COLUMN: Politics is the art of compromise

Published 9:07 am Monday, April 30, 2018

There are two words that every voter needs to fully understand before selecting the candidate they will support at the polls during the August primary and the general election in November.

By understanding these two words, voters will be able to better comprehend the candidates’ ability to represent the views of the voters on a host of issues.

These two words have not been mentioned much in the past few elections, ever since the Tea Party came into power and the Progressive political movement emerged.

These two words strike fear into the hearts of the far left and the far right political wings.  These two words represent exactly what these political fringes believe to be the problems with a democratic form of representative government.

The words?  “Compromise” and “Bipartisanship.”

When compromise becomes the prevailing power in legislative initiatives, good things happen.  Three outstanding examples of “compromise” are the Americans With Disabilities Act, the Health Insurance Portability and Accountability Act and the Medicare Modernization Act.

These laws were reviled at first, but all three laws eventually became landmarks of bipartisanship.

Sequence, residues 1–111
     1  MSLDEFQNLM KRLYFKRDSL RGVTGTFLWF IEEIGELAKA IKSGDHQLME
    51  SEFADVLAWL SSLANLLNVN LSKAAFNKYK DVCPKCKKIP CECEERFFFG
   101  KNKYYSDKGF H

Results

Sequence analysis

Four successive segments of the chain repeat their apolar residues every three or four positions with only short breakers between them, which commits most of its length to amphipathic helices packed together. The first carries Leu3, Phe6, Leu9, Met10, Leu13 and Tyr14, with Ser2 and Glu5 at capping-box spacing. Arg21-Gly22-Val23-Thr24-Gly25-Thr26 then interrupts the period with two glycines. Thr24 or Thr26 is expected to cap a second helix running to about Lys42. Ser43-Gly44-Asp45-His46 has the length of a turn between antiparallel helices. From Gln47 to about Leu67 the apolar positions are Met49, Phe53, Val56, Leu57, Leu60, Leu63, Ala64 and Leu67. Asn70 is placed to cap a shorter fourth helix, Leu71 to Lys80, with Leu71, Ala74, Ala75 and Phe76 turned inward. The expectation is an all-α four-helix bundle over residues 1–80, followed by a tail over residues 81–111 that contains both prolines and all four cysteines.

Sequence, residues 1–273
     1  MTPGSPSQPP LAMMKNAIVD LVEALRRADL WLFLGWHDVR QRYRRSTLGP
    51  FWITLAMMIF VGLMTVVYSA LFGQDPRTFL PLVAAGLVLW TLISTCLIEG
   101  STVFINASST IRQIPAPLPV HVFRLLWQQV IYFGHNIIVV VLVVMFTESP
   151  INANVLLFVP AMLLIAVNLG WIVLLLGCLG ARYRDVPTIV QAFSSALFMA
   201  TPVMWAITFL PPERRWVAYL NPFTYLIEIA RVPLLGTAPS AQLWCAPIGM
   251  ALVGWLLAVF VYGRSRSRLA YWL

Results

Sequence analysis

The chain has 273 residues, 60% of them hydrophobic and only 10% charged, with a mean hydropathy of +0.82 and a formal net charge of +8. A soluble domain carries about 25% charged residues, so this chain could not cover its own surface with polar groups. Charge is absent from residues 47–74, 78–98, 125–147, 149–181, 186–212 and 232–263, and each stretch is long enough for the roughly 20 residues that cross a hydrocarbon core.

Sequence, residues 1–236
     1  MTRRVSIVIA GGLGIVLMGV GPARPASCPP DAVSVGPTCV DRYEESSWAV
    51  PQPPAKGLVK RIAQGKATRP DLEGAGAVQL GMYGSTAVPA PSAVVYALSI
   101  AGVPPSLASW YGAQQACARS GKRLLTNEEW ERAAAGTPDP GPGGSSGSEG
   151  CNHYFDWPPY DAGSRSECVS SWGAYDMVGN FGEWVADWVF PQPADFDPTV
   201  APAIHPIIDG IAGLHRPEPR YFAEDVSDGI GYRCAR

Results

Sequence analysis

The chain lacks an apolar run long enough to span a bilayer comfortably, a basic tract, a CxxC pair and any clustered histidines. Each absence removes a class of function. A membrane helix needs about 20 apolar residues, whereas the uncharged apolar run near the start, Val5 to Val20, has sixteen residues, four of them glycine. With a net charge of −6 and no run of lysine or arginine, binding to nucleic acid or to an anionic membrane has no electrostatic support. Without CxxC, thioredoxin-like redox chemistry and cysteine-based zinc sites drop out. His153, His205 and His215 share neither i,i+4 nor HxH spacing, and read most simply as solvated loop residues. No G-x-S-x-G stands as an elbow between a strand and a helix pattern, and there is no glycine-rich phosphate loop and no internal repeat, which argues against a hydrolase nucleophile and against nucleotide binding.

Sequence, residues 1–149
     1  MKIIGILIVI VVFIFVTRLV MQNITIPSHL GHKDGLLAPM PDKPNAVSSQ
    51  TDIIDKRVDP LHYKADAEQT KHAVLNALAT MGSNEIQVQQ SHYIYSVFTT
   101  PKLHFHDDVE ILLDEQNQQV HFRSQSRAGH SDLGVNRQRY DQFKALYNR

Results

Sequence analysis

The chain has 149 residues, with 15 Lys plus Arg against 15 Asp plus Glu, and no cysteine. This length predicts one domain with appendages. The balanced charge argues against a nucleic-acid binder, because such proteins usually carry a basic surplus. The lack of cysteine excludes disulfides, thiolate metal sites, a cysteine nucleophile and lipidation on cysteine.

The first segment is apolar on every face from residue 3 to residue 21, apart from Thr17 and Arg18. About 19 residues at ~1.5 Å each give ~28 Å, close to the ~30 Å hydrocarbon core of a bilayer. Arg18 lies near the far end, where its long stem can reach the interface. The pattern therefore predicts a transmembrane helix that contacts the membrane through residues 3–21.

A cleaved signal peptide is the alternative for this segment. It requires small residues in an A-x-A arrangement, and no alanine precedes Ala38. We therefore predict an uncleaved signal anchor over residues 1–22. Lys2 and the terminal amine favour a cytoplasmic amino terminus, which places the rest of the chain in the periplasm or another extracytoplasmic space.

It is when compromise disappears and bipartisanship takes a back seat during debates that bad things happen.  Two prime examples of recent one-sided legislation are Obamacare and the passage of the Tax Cut and Jobs bill.

No Republicans voted for Obamacare because their party was blocked from participating in the final drafts of the landmark legislation. 

No Democrats voted for the recent Tax Cut and Jobs Bill that sailed through the U.S. House and Senate last December because they were cut out of the action and their fiscal concerns were ignored.

But the problem doesn’t lie with just the elected officials in Washington.  Part of the problem are the American voters.

Why are you even thinking about voting for someone who cannot commit to working in a bipartisan manner or is unwilling to embrace compromise?

Our U.S. Rep. Fred Upton has represented southwestern Michigan for many terms and he gets re-elected every two years because he is proud to be a bipartisan force in the U.S. Congress.  He is also brave enough to compromise on many issues in an effort to move the country forward.

If you are inclined to attend future candidate debates, be sure and ask each candidate, whether you are for or against them, if they would be willing to compromise on important legislation.  Then ask them if they could ever support bipartisan legislation offered by the opposing party.

If they cannot compromise, or if they shun the thought of bipartisanship, vote instead for someone who can do both.  You will be doing your country a great service.